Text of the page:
The Anglo-Dutch group has made the first step toward a multibillion-dollar deal with Iran to help develop the vast South Pars natural-gas field, despite the political thunderclouds gathering around Iran.
In partnership with the Spanish company Repsol, Shell signed a preliminary agreement with Iran in January to develop sections 13 and 14 of the South Pars field. The $10 billion project eventually involves building a plant capable of liquefying 8 million tons of natural gas a year for shipment to Europe and elsewhere.
Shell wants "to go ahead, regardless of the risk, and this is just part of an oil company's strategy," one industry analyst said.
Shell has emphasized that the preliminary agreement is largely a feasibility study, and a concrete decision on whether to invest in the project is still about a year away.
A Shell spokesman in London declined to discuss with RFE/RL the political pressures expected from the company's interest in South Pars.
But Shell's chief executive officer (CEO), Jeroen van der Veer, said on February 1 that the decision poses "quite a dilemma." He noted that Iran has some of the biggest hydrocarbon reserves in the world, but he acknowledged that politics will play a part in whether the firm proceeds.
Iran already stands under limited UN sanctions, because it refuses to stop its uranium-enrichment program. If Iran persists, the UN could upgrade the sanctions to a level that would inevitably affect the country's oil-and-gas sector. That could spell trouble for Shell's participation in South Pars.
Even worse for Shell, the United States has a law (the Iran-Libya Sanctions Act), under which it could impose sanctions on any company investing more than $20 million a year in Iran.
Shell's major rival, BP, has withdrawn from seeking big business in Iran, citing the damage such moves could do to its U.S. business. By contrast, the French company Total is solidly entrenched in Iran.
The director of the London-based Center for Global Energy Studies, Manochehr Takin, says that so far Shell has taken the political risk and kept a presence in Iran.
Iranian students demonstrating against UN sanctions outside Shell's Tehran office in December 2006 (epa)
"Shell has decided to be in Iran, and they have done oil-field development projects, offshore in the Persian Gulf, and they have been in gas, and they want to go ahead, regardless of the risk, and this is just part of an oil company's strategy," Takin says.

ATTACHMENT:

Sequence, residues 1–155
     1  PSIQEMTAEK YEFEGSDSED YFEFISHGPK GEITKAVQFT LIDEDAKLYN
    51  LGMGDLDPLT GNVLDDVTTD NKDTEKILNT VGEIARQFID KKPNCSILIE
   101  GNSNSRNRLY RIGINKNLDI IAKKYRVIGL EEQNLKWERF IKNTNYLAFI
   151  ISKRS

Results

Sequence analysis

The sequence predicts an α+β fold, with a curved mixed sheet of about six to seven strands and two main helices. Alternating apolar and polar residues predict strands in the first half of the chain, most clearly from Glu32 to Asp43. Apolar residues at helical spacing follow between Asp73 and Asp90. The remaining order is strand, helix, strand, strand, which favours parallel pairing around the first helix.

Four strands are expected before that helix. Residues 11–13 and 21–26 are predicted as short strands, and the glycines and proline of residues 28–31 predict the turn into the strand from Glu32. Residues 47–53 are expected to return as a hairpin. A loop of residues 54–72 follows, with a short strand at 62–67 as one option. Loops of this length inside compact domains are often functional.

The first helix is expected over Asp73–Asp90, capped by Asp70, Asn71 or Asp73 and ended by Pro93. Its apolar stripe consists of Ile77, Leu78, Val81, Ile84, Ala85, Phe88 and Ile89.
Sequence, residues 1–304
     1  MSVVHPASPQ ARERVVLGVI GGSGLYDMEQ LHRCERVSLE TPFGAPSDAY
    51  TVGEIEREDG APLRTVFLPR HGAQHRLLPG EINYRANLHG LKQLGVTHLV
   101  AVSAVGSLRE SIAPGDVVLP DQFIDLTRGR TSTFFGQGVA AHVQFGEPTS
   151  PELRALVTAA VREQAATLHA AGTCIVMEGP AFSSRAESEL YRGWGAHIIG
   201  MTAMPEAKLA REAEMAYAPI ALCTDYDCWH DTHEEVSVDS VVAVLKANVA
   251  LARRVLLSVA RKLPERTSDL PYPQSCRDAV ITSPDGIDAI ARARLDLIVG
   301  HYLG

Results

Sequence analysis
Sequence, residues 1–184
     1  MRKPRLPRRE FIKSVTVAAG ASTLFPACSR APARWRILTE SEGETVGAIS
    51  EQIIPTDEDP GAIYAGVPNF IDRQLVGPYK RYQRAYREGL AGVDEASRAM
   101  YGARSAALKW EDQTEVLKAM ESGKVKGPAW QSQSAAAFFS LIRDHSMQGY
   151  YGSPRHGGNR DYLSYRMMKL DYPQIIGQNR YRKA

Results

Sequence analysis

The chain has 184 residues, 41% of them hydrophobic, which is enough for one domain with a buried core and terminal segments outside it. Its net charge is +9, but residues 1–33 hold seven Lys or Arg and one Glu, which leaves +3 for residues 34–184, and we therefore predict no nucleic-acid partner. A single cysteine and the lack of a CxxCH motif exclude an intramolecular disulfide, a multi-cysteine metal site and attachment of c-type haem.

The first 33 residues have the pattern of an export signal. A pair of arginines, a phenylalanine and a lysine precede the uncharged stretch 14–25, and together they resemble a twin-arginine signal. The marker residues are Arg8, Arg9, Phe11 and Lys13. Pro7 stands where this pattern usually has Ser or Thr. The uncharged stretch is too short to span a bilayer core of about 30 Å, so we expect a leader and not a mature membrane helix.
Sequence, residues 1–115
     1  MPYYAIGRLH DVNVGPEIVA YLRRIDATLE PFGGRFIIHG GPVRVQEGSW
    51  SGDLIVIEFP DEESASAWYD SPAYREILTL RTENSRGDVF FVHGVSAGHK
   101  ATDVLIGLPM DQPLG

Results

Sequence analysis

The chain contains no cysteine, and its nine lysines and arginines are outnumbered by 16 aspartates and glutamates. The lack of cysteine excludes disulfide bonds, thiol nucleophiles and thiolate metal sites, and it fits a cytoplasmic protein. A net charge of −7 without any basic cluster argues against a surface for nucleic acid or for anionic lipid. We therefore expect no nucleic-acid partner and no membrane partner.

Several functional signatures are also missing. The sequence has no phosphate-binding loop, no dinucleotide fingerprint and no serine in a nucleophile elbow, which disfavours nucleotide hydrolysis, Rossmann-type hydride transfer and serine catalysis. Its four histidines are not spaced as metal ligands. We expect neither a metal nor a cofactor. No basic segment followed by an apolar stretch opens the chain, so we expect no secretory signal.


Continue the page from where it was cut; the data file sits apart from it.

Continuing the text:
But the threat of widening UN sanctions and the marked deterioration of U.S.-Iranian relations are increasing that risk factor. Should Shell go ahead with major new investment? That's the heart of the dilemma that CEO van der Veer if facing.
On the other side of the argument, Shell feels pressure to secure new reserves, following a period of years in which it was extracting more oil and gas than it was replacing through new reserves.
Bitten In Russia
The question of reserves is given more urgency because Shell has been hard hit by the loss of its controlling share in the Sakhalin-2 oil-and-gas project in the Russian Far East.
Shell sold a major stake in the project to Russia's state-run Gazprom concern after months of pressure by the Russian authorities, who threatened to freeze work on Sakhalin-2 and revoke permits because of alleged environmental damage.
Analysts see behind the Sakhalin case a desire from Moscow to reestablish state control over the country's oil-and-gas sector.
Takin of the Center for Global Energy Studies says political interference and pressure is nothing new to the oil companies. It's been going on since oil was discovered in the 19th century.
"They have always been exposed to political risk, as well as geological risk, and reservoir risk -- [the last two being factors] which lie within their own expertise," Takin says. "They have always handled and taken political risk anyway. Especially large companies -- they have a wide portfolio in different parts of the world, and they spread the risk."
For Europeans, one factor in favor of Shell's involvement with Iranian natural gas is that it would diversify sources away from Russia, a major supplier on which Europe is seeking to reduce its dependence.